A spokesman for former Iowa Governor Tom Vilsack says Vilsack considered running for governor in 2014, but has decided against it.
Vilsack has been serving as the nation’s secretary of agriculture since January of 2009 and plans to remain in that job.
This morning’s announcement may clear the field for a handful of other Democrats who’ve been mulling the idea of running for governor, but were reluctant to start a campaign with the potential of Vilsack entering the race and easily securing the Democratic Party’s 2014 nomination for governor.
Sue Dvorksy, a former Iowa Democratic Party chairwoman, says Vilsack would have been the “instant frontrunner” if he had jumped in the race.
“He’s run for governor twice and won. He was an incredibly effective governor,” Dvorsky says. “You know there’s a lot of residual good feeling about that, so clearly that would have been the case.”
But Dvorsky’s not surprised by Vilsack’s decision.
“I was never one of the people who believed he was going to run,” Dvorsky says. “He is remarkably effective as secretary of agriculture. He is a lynchpin member of that cabinet.”
Joe Shannahan served as Vilsack’s communications director for three years, during Vilsack’s first term as governor.
“I know a lot of Iowans and a lot of Iowa Democrats have encouraged Governor Vilsack to return to Iowa and run for office,” Shannahan says. “I’m not surprised that he decided to decline at this point. He’s really enjoying his position as secretary for the United States Department of Agriculture and I think he wants to finish that work before he moves to some other opportunity.”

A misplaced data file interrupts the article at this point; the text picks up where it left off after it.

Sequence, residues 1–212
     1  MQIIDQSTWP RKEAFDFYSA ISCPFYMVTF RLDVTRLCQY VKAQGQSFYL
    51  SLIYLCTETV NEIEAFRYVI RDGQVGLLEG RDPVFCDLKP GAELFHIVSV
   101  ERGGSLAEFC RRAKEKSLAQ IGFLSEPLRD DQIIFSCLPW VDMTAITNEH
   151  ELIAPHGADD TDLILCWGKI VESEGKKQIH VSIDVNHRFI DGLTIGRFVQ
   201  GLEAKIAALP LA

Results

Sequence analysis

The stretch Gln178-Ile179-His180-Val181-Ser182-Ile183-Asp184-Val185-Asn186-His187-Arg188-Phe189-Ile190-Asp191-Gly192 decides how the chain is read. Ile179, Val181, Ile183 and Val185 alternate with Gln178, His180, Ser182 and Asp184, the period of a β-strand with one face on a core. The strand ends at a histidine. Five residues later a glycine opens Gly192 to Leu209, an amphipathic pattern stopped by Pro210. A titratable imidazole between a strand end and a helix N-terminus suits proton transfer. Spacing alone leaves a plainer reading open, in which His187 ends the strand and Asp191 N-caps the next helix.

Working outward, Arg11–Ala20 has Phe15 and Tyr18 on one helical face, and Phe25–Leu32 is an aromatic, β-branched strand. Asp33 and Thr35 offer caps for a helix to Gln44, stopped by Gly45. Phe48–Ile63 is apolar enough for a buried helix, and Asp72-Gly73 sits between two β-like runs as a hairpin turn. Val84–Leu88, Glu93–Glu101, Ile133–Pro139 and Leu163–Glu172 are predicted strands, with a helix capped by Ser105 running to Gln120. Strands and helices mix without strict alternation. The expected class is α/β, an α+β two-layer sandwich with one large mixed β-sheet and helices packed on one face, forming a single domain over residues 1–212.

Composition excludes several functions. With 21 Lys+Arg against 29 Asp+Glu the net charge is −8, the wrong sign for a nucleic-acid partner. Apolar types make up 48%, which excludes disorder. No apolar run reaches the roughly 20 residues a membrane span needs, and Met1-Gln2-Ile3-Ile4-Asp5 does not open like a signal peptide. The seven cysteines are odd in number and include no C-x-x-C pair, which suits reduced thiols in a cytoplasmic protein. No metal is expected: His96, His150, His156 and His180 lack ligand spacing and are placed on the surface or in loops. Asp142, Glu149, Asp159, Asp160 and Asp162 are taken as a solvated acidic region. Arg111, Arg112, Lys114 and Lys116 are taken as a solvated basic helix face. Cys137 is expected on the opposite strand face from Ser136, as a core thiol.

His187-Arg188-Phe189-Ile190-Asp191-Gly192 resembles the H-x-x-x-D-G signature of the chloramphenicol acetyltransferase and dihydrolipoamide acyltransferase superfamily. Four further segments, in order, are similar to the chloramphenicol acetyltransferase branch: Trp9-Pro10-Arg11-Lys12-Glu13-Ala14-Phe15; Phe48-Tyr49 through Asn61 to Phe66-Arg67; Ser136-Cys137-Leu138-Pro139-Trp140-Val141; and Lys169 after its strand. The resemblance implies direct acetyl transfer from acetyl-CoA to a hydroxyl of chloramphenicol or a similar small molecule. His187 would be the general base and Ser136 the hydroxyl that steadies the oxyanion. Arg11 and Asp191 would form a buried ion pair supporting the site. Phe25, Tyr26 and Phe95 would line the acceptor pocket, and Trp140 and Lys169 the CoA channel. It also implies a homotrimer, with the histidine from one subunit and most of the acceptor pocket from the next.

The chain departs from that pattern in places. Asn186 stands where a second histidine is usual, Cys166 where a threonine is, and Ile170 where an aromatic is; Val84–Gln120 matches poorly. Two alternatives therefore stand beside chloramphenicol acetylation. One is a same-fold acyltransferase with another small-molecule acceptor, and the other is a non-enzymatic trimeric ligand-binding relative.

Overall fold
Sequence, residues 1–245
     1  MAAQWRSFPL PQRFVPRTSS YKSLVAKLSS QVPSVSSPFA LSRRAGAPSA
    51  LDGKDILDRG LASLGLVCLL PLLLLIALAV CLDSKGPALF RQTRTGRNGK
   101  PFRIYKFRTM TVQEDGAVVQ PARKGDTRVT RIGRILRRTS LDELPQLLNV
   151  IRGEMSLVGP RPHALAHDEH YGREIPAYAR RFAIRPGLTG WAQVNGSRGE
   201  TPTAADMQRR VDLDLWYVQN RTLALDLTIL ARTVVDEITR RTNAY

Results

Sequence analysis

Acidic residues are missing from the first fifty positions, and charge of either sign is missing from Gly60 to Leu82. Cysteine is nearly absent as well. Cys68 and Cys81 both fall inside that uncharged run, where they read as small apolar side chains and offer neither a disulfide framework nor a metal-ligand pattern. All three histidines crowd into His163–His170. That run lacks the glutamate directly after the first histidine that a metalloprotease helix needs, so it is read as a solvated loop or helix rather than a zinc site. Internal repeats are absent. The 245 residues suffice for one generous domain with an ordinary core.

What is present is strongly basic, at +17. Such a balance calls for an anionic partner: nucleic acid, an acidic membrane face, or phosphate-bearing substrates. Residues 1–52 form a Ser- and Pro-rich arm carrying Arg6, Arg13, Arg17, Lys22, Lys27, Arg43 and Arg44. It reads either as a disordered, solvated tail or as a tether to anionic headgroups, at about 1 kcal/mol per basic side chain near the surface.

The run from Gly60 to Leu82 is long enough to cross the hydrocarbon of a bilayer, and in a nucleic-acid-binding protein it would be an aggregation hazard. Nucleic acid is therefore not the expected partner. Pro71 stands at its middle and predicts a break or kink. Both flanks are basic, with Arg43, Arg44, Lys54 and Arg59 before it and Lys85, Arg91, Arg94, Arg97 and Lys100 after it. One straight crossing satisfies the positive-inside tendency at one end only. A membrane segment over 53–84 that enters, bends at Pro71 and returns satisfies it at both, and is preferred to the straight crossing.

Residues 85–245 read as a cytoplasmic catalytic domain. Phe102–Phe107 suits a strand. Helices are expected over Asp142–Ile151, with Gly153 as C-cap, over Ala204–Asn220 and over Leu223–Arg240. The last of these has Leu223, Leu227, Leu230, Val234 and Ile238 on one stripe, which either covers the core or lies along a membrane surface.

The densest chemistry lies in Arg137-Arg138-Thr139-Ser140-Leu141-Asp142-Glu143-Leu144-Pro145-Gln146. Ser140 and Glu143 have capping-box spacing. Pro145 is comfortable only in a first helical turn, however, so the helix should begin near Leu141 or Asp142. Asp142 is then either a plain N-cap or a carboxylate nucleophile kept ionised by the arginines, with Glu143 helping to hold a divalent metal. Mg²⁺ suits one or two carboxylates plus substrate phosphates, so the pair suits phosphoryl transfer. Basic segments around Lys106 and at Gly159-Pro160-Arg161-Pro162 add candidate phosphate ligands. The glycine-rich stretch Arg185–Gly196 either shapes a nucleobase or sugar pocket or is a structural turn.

Sally Pederson was Vilsack’s lieutenant governor/running mate in 1998 and 2002.
“Obviously I’d love to see Tom Vilsack as our governor again, but I think he’s serving Iowa and our country in an important position as secretary of agriculture and I think continuing in that job is probably the right decision for everyone involved,” Pederson says.
Vilsack’s wife, Christie, ran for congress in 2012 and lost to Republican Steve King. She’s now employed by the U.S. Agency for International Development as a senior advisor on international education. Christie Vilsack was a teacher for 20 years and she has described this new post as a “dream job.”
Last week state Senator Jack Hatch said if Vilsack ran for governor, that would prompt Hatch to end his exploratory campaign. Representative Tyler Olson, a Democrat from Cedar Rapids who is chairman of the Iowa Democratic Party, has also been considering a bid for governor in 2014. or a run for Iowa’s first congressional district seat. Senate Democratic Leader Mike Gronstal of Council Bluffs last week said he would decide “by the end of the summer” whether he’ll run for governor.